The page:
If you're on Adams Street walking west from Michigan Avenue, you will see Berghoff's prominent vertical sign just past State Street. Known for its beer when it opened as Berghoff Cafe in 1898 and later for the restaurant's turn-of-the-last-century look, old world German dishes and courtly waiters, fine beer and root beer, Berghoff has been a downtown Chicago institution for more than 110 years. Now under the fourth generation stewardship of Carlyn Berghoff, it is among the oldest family-owned restaurants in the country. Step inside to do lunch in the restaurant which still features favorite recipes but has also added lighter fare. Or go downstairs to the cafe to order an over-the-counter meal. Either way, admire the restaurant's stained glass and dark woods. It survived during Prohibition on beer, sodas and sandwiches but celebrates the end of Prohibition with specials such as a recent month-long "stein for a dime" and photo op with liquor license No. 1 in April. Berghoff has continued to be issued license No. 1 since Prohibition was repealed in 1933.

Related: Best Bars With History In Chicago

Palmer House
17 E. Monroe St.
Chicago, IL 60603
(312) 726-7500

Commanding the corner of Monroe and Wabash Streets north of Adams and south of State Street is the historic Palmer House. Burned shortly after opening during the Great Chicago Fire in October 1871 that destroyed the city's main business district, the"house" that Potter Palmer built as an elegant downtown hotel reopened in November 1873. It is reputed to be the country's longest, continually operating hotel. Such big-name entertainers as Judy Garland, Frank Sinatra and Louis Armstrong played its Empire Room. Today, the place to go and meet is the bar in the great lobby, an escalator ride up from street level. The lobby's spectacular ceiling is a fresco by French artist Louis Pierre Rigal. A side note is that Palmer's wife, Bertha, collected French Impressionist works before they were popular and started the Art Institute of Chicago on its way to having the largest French Impressionism collection outside Paris. The hotel does tours with and without lunch but reservations are needed. For tours only, call 312-917-1738. For the History is Hott lunch and tour, call 312-917-3403.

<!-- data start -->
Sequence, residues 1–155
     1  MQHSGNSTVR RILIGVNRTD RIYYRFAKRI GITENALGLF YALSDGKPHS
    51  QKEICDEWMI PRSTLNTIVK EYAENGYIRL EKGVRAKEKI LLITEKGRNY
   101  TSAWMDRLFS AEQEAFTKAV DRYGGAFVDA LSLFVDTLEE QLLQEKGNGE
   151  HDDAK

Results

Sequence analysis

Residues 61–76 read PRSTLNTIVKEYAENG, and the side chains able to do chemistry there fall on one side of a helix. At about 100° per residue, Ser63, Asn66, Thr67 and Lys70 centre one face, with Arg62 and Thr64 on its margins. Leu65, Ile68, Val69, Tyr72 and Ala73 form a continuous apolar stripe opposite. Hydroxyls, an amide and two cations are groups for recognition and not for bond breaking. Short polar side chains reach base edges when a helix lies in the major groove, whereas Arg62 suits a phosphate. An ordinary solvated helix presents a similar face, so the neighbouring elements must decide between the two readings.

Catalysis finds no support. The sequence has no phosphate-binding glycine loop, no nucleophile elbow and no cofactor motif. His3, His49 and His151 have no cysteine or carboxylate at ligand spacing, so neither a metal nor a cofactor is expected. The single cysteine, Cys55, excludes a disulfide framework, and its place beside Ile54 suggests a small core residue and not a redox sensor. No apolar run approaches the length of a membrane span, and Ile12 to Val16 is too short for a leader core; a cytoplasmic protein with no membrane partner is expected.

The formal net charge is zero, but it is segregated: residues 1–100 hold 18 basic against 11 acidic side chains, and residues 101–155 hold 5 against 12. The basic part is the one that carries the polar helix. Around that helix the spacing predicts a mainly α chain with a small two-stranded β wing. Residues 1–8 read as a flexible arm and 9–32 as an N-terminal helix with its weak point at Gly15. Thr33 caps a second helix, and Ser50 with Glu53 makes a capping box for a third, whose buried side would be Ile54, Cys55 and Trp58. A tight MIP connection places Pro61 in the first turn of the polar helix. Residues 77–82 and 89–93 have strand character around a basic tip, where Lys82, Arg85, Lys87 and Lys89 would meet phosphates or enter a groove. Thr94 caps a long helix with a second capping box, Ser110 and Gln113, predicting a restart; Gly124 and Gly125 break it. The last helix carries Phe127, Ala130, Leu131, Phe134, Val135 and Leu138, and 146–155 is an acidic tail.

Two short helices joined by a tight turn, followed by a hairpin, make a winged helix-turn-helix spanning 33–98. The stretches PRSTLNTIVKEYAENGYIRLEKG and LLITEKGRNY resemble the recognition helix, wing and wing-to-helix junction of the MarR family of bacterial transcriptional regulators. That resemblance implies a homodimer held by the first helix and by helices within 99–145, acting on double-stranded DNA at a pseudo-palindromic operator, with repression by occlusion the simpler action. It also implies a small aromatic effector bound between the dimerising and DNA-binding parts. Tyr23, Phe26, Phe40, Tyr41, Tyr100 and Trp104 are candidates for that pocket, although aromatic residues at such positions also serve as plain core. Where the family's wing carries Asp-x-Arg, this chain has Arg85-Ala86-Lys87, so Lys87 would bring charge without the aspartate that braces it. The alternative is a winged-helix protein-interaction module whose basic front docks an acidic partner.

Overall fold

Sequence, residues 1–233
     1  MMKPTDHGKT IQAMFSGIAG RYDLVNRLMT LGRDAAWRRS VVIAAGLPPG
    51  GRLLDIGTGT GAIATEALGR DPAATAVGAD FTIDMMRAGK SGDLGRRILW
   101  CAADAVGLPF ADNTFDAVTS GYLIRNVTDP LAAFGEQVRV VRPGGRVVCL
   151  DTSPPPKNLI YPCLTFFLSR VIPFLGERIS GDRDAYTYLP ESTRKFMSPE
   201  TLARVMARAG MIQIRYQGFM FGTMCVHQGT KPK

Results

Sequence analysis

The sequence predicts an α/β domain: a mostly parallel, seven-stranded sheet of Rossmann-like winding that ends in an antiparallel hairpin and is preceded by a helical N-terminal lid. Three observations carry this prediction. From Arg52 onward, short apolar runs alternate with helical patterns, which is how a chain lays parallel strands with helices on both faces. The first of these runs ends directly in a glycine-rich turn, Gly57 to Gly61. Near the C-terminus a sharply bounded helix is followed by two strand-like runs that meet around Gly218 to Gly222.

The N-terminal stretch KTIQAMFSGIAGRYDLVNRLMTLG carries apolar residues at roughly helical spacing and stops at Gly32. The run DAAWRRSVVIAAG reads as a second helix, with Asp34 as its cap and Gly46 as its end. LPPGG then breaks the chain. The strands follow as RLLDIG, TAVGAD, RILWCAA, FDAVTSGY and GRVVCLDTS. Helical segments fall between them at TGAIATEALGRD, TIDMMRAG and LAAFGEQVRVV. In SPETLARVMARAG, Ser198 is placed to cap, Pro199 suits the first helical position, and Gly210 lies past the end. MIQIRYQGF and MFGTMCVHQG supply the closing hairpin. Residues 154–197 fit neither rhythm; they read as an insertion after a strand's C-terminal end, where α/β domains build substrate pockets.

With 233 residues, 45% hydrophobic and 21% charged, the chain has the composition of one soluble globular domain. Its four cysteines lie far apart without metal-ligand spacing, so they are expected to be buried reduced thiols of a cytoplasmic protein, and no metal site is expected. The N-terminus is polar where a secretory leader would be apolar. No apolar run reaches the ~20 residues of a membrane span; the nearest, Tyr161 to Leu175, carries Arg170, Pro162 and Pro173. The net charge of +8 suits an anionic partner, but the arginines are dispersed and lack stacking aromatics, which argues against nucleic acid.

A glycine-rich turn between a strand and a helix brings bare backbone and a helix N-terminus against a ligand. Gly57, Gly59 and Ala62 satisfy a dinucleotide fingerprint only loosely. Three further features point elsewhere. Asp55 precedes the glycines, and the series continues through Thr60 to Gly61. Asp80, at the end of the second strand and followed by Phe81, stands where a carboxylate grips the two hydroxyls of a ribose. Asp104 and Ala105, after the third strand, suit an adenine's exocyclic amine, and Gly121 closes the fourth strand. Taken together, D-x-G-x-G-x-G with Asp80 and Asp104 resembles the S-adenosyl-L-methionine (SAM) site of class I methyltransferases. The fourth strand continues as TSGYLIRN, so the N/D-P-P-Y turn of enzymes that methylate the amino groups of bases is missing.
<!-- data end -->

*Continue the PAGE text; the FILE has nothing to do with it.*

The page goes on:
Chicago Cultural Center
78 E. Washington St.
Chicago, IL 60602
(312) 744-6630

What the city calls "The People's Palace" lies two blocks north of the Palmer House just east of Wabash at Washington Street and Michigan Avenue. Built as the city's main library and home of the Grand Army of the Republic in 1897, the imposing neoclassical building became the Chicago Cultural Center in 1991. Enter from Washington Street to see its marble staircase, mosaics, literary tributes and the world's largest Tiffany dome (third floor). Wander north on the third floor to the slanting corridor down to the second level for the GAR Hall, Rotunda and a 50,000-glass-piece dome by Healy & Millet.

Chicago Theatre
175 N. State St.
Chicago, IL 60601
(312) 462-6300

If you exit the Chicago Cultural Center on Randolph, you only have to walk a little over a block west to State Street and north around the corner to the ornate Chicago Theatre. Built in 1921 by the Balaban and Katz theater chain for $4 million and designed in a French-Baroque manner by Cornelius and George Rapp, it is considered the iconic venue that set the standard for movie palaces. Take a tour to see its glorious auditorium, staircases, lobby and backstage stars' signatures. Click here for tour details.

Related: Best Historical Sites In Chicago

Jodie Jacobs is a veteran journalist who loves writing about Chicago, art, theater, museums and travel. Her work can be found on